Study Tips: Making Things Meaningful

Now you’re likely aware that when you’re in college, studying for exams is a way of life. This doesn’t have to be as much of a bummer as it seems, because you can make your studying easier and more efficient with some powerful lab-tested techniques.


One of these techniques is to make things meaningful when you study. It’ll make information much easier to remember. I’ve discussed this before, in an earlier post about the difference between maintenance and elaborative rehearsal. Here are some mnemonics, or memory aids, to help you do this.

1) Put the information you need to remember into categories. This is called “chunking.” Let’s say I told you to remember the following letters: FBICIANYCNFL. You could try to remember each letter by itself, but it would be more efficient to group the letters into units that already have meaning: FBI, CIA, NYC, and NFL. This means that you only have to remember 4 things rather than 12.

2) Take material you already know and associate it with information you want to remember. For example, in order to remember the difference between a stalactite and a stalagmite, you could remember that a “stalactite,” which grows from the ceiling, has the letter “c” in it, which stands for “ceiling”. A “stalagmite,” which grows from the ground, contains the letter “g.”

3) Use rhymes. We’ve all heard the alphabet song, rhyming grammar rules (“i before e except after c”), and rhyming history facts (“in fourteen hundred and ninety two, Columbus sailed the ocean blue”). Make up some rhymes of your own. There are even websites that use rhymes to help medical students remember anatomical vocabulary.

4) Make an acronym by spelling a new word from the first letter of each one of the words you’re trying to remember. You may have used an acronym to learn the colors of the visible spectrum (ROY G. BIV) or the names of the five Great Lakes (HOMES). It’s easier to remember one word or a short expression than a lot of words.

Don’t stop here, though. If you need to, come up with other ways to make information meaningful. Good luck with your studying!

Special Guest Writer–Dr. Diane Snow: Combine and Conquer – Using Peer Groups to Achieve

This past Spring, I had the great fortune of traveling to China with numerous UK faculty colleagues. There were so many interesting, yet unfamiliar and daunting experiences.

I was awed and amazed by the Great Wall, and imagined what life must have been like when people roamed the endless steps and towers through their normal daily lives. There were places where the slope of the steps was negligible and climbing was easy. I barely had to pay attention to where or how I was walking, and discourse with others was relaxed. However, there were places where the steps were not adequately deep, forcing me to climb with only my toes to progress. In some cases, the rise of step after step was enormous, and I had to use of all four limbs and a lot of attention to the task to make the trek—truly demanding work.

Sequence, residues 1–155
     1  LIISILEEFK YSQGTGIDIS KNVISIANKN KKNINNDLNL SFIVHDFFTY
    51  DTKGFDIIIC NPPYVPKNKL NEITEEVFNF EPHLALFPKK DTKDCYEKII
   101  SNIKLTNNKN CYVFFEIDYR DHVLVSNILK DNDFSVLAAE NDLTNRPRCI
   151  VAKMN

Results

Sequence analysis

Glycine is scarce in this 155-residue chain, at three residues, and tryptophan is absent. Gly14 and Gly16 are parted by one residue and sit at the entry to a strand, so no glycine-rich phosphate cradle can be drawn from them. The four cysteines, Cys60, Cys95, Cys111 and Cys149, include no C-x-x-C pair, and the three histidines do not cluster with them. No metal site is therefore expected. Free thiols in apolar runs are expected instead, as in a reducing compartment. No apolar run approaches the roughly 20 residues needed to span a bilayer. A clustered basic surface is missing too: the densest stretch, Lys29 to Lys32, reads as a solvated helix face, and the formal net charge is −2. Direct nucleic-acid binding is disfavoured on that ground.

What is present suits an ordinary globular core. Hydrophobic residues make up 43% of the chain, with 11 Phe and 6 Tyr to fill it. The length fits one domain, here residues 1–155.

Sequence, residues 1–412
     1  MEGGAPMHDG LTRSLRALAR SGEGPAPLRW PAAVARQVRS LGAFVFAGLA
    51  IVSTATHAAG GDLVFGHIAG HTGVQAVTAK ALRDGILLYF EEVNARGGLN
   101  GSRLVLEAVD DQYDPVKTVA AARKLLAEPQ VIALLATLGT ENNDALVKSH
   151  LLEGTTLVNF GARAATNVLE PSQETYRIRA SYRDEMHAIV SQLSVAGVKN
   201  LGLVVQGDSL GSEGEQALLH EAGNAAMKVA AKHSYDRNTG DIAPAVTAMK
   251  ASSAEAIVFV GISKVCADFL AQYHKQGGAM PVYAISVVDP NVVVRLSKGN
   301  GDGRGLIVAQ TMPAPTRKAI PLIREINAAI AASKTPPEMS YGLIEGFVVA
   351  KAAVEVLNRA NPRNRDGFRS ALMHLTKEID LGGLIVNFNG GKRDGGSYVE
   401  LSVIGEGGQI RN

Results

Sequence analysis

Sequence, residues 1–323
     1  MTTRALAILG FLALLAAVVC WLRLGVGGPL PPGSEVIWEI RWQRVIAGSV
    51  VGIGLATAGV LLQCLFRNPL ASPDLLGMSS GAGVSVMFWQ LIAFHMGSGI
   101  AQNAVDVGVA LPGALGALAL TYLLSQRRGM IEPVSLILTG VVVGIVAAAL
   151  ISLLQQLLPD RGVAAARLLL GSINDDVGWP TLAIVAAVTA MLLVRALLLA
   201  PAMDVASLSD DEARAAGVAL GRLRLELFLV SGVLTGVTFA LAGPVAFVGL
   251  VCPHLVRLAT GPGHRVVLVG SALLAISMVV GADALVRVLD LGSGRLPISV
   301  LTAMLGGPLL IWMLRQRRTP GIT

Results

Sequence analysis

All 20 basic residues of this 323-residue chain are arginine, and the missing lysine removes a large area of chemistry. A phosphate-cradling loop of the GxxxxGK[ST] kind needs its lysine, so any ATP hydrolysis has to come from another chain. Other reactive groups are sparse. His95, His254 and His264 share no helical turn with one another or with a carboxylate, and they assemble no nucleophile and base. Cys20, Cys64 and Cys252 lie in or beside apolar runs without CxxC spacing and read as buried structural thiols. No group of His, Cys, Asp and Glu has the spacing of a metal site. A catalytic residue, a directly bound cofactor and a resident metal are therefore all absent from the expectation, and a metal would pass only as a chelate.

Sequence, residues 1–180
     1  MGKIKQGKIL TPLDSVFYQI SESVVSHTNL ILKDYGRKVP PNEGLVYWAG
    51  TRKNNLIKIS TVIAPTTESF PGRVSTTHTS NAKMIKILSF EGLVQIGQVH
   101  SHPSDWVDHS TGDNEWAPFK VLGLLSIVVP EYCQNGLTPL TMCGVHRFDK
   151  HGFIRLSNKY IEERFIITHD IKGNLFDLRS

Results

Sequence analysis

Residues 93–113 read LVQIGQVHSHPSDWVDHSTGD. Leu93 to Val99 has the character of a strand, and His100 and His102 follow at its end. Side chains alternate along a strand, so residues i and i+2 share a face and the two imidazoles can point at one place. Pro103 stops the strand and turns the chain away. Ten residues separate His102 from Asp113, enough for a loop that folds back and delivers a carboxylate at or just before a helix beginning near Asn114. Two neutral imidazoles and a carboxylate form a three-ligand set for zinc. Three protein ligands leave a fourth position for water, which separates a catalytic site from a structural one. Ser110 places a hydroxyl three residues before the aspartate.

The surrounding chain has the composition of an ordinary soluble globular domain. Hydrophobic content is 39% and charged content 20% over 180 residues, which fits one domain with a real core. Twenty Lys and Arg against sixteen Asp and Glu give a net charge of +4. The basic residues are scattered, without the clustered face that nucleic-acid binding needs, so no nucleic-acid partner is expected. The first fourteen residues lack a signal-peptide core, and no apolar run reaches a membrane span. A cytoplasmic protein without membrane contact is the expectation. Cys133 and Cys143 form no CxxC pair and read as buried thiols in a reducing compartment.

It occurs to me now these steps could be seen as a metaphor for the transition from high school to college—an unpredictable and variable journey. Having been a “big fish in a small pond” in my high school, I found the workload unremarkable, and my effort was commensurate. Getting an A in each class did not make me winded. But all of a sudden, there appeared in college a much steeper climb. Courses no longer required just the reading of a chapter by the end of the week, but the reading of a book and a reflective paper in that same span. There was no longer an emphasis on introduction, but a focus on depth, breadth and integration.

While I found this challenge exhilarating, and stepped up my game, this new world view was daunting and presented a paradigm shift. Although early college days are long in my rearview mirror, I still remember the way I coped with this trial of increased volume and demand—networking and team-building. I intentionally reached out and met new people, studied with them, and learned with them. We tested the new waters as a team. We divided up the work, talked about each of our contributions, learned from one another, and solved problems together. We helped each other during triumphs and “face plants” as well, and somehow, we all made it—together. The task felt more manageable when others were facing the same challenges, had the same vision, and agreed to work through it step by step in a unified effort. Likewise, the accomplishments, when they came, were a shared victory and an award that made us stronger and more capable for the next challenge.

So as you’re climbing your Great Wall, don’t feel you need to be a weathered and independent traveler just yet. After all, in a tourist spot like that, there are thousands of friendships just waiting to be made, and so many worthy journeys to take!